Thoughts on Graduating College

I blew an academic scholarship from Rutgers when I was 18 due to…basically acting 18. In retrospect, I don’t see how anyone does anything responsibly at age 18. Eighteen year old humans shouldn’t be considered adults. I documented my issues in Houston in earlier blogs, but there was no way I would be able to take classes out there either. When I joined the military, I figured I’d be able to just skate through school while being a 24 year old moron instead of an 18 year old moron. The result? I failed my first five fucking classes. Whether it was because changing my work shift threw off my routine too much or because I thought having a five page paper in Week 1 was unreasonable, I always found a way to justify giving up. Always had some funny story about how school was getting in the way of more important things like having fun. I never let anyone know how deeply those grades affected me. I had made my entire reputation from being smart, and based on everything on paper, I was an idiot. My combined GPA  up to that point was a solid .6 or something. What if I was actually stupid? Or just destined to be average? It was a legitimate existential crisis. My already fragile confidence completely cratered. I didn’t (and still don’t) enjoy what I’m doing in the military, but what other option did I have?

Well, I’m 29 now, and I got my bachelor’s degree last Saturday. You know what I realized? Graduating had very, very little to do with my natural intelligence. Many people say that plenty of dumb people exist with college degrees, and they’re absolutely right. Almost anyone can follow rubrics to the letter and look up sources or Wiki to write a paper about something. But those “dumb” people had the resolve, work ethic, time management skills and made the sacrifices that were necessary to get through 40 classes (120 credits) of whatever their major was, and the older I get, the more I realize how much more important those qualities are for success than being born with a high IQ. I didn’t have some magical moment one morning where everything came together and I turned into some kind of genius. Really, no kind of success works that way. It was gradual. It was difficult. I had classes where between my long commute, work, and class, I was gone from 5:30am-11:00pm. Accounting almost made jump through a window. It made me grow up. It made me truly commit. It forced me to be consistent. And it was the best thing to ever happen to me.

I also realized that my earlier struggles with school in my were a symptom of a larger issue that I had. I was terrified of failing at something that I actually tried to achieve. I bailed on everything (and everyone) the moment it wasn’t 100% easy or convenient. That went for writing, school, basketball, weight lifting, relationships, the whole works. If I just dropped it (or her), I always had the safety net of saying that I could do it if I really tried. In short, I was a coward, and it’s really easy to be a coward when your support system doesn’t call you a coward. Cowardice is like smoking in that it doesn’t bulldoze you as much as it gradually erodes you.  You push back your goals until tomorrow and your tomorrows become next week and your next weeks become your New Year’s Resolution and you look up one day in your mid-30s and realize that you haven’t done anything outside of exist and you wonder where all the time went. I was well on my way there. And then I wasn’t.

(Personal aside: I say really nice things about my wife in this blog often (because she’s pregnant and I don’t want her to kill me), but I seriously could not have done this without her. She always knew when to prod and when to let me relax and which buttons to push and I keep thinking that I’ll run out of ways to say that she’s my everything but I keep inventing new ones because holy shit is she amazing. Also, this is my first post in several weeks. My capstone course was really difficult. Forgive me. I’ll be writing consistently again. Oh yeah, remember that .6 GPA that I referred to earlier? I ended with a 3.482. Am I happy about that? No. I wanted a 3.5.)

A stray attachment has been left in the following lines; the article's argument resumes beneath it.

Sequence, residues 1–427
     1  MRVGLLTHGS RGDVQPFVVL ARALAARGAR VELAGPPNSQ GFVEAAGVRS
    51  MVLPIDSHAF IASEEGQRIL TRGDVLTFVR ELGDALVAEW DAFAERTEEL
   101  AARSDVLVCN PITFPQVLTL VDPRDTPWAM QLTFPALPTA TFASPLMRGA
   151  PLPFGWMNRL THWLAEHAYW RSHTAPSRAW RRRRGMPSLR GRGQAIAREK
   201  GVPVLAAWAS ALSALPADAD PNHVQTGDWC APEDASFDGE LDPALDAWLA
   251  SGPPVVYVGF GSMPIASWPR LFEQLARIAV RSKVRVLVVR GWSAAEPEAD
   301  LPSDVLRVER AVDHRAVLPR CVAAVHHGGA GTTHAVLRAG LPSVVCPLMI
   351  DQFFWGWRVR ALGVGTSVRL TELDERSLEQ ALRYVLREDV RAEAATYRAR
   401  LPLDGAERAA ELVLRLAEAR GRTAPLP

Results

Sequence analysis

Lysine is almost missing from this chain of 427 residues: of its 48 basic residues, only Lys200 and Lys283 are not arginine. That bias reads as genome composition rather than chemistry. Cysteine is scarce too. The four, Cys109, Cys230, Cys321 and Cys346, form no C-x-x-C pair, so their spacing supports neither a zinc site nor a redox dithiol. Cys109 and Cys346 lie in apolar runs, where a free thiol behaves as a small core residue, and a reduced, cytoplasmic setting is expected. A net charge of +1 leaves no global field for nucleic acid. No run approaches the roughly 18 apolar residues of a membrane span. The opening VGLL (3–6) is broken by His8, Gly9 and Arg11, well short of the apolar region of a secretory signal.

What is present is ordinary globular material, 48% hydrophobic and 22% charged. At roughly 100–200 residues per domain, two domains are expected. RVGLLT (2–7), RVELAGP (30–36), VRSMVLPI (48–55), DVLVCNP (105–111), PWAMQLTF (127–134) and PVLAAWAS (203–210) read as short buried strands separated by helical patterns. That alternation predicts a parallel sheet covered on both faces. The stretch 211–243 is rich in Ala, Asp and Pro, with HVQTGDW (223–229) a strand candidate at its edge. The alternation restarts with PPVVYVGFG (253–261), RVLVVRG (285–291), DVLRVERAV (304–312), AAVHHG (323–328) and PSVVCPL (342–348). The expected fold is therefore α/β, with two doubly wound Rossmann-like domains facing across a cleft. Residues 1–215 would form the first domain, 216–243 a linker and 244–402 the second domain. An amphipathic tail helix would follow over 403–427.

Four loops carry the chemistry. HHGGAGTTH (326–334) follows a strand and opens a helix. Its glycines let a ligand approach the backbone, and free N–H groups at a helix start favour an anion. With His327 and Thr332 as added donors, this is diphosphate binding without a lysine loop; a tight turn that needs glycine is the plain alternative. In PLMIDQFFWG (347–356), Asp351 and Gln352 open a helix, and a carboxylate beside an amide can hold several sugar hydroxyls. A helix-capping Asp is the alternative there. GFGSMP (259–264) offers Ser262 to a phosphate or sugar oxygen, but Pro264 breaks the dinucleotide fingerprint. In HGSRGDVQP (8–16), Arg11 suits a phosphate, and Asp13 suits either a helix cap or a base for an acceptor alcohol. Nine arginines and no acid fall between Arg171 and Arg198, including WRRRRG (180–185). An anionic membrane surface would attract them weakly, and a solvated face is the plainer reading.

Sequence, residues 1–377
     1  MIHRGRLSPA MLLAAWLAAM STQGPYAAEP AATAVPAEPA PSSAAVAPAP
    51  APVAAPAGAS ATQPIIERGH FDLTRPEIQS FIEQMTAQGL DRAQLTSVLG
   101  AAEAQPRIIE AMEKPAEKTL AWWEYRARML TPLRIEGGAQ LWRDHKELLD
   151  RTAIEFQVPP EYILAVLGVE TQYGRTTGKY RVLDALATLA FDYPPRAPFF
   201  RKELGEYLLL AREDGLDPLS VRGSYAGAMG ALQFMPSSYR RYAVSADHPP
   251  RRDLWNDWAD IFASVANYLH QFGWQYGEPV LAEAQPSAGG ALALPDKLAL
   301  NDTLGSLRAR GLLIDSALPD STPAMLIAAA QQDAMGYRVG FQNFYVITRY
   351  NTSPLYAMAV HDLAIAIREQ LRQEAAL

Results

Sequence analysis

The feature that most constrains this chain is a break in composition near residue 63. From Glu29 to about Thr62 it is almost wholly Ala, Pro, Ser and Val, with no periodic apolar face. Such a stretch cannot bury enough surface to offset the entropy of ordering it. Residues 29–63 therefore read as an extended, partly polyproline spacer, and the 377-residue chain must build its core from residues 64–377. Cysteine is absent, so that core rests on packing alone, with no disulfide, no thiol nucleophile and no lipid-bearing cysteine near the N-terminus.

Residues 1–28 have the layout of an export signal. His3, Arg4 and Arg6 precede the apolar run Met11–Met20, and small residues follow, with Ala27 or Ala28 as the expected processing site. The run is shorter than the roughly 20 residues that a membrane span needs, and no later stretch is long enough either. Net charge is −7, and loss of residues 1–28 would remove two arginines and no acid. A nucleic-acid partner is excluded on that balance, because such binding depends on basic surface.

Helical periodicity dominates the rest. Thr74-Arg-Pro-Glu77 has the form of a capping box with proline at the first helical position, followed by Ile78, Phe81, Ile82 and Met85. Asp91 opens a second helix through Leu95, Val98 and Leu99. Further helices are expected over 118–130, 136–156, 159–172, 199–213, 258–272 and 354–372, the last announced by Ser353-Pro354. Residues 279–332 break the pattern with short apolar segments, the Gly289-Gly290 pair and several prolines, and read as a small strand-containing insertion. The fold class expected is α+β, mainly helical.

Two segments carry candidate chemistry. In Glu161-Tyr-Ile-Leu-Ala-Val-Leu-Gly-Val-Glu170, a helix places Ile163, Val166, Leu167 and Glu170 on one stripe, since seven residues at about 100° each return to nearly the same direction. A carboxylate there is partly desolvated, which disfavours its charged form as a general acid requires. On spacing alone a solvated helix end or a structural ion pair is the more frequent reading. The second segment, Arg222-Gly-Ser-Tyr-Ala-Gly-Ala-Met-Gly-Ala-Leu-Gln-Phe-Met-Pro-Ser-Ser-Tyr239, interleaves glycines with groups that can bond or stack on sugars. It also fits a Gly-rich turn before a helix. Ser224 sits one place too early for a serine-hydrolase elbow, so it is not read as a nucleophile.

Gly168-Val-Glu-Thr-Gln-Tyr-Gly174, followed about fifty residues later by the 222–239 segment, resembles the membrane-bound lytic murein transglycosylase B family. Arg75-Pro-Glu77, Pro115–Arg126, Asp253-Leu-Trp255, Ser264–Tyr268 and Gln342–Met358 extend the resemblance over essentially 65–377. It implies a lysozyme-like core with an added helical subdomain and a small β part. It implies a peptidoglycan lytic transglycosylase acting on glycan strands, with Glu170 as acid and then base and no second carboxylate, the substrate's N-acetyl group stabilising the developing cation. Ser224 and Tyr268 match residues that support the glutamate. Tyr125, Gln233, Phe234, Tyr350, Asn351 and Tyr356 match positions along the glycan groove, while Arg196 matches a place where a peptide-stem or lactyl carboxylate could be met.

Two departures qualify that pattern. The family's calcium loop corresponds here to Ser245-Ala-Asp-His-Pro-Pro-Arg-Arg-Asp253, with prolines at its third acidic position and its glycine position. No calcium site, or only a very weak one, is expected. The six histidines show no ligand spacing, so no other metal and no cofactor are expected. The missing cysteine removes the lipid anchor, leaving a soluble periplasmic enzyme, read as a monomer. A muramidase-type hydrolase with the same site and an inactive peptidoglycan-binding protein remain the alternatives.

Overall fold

So, We’re Having a Boy

I should’ve known. Of course we’re having a boy. All of the unofficial signs (carrying high, glowing, etc.) pointed to Rachel having a boy, but I held out hope for a girl until the bitter end. And for about 5 minutes, we thought we actually were having a girl…

So I’m on Skype watching Rachel and her parents during her ultrasound, which was pretty mundane in of itself, at least initially. There’s nothing truly notable about seeing your in-laws read trashy magazines and crack jokes in a waiting room or Rachel complaining about having to pee since that’s all pregnant women ever want to do. But it meant a lot to me. For the first time of Rachel’s pregnancy, I felt like I was actually there for her. I mean, we talk daily and I make sure that she has what she needs, but I’m never actually there for her. As in, present for what she’s going through, whether good or bad. On Tuesday, I felt present. That was important.

Rachel and her parents walked into the doctor’s office and the doctor hooked her up to whatever machine produces the ultrasound. The doc went through labeling the different body parts (“there’s the head,” “oh look, there’s a leg right there,” “look at the size of those eye sockets!”), seemingly building up the suspense for the gender reveal intentionally. After a question about whether we wanted to know the gender was answered affirmatively (I specifically said, “Hell yeah, man. Shit.”), the moment was finally here. Those 15 seconds or so that followed felt like hours. Then the doc spoke…

“It looks like you’re having a girl.”

Me: “Wait, what?”

Rachel: “Really???”

Doc: “Yup. A girl.”


Rachel: “Wow. Wow. *exhales deeply* This is insane. We’re really having a girl.”

It was at this moment that my mother-in-law asked what seemed to be an incredulous question. “Are you really sure that they’re having a girl?” My father-in-law responded, naturally, with a sarcastic remark about the doctor not being sure since she doesn’t do this for a living or anything. I stayed quiet, but I was with pops-in-law on this one. But sure enough, she convinced the doc to give our fetus one last look. And sure enough, the lack of confidence in her initial prognosis started to show, which instantly changed the energy in the room, replacing euphoria with an amount of tension normally reserved for a cancer prognosis, a change that I easily felt through the computer.

Doc: “You know, maybe I should get a second opinion on this.”

Rachel: *deep sigh*

Me: “Oh lord…”

Dad-in-law: “I think I just saw a penis!”

Me: “How in the world…..”

Rachel: “I can’t believe this.”

The second doctor came in, and like pops-in-law suspected, we were indeed having a boy, and it was “quite obvious” that it was a boy. So there it was.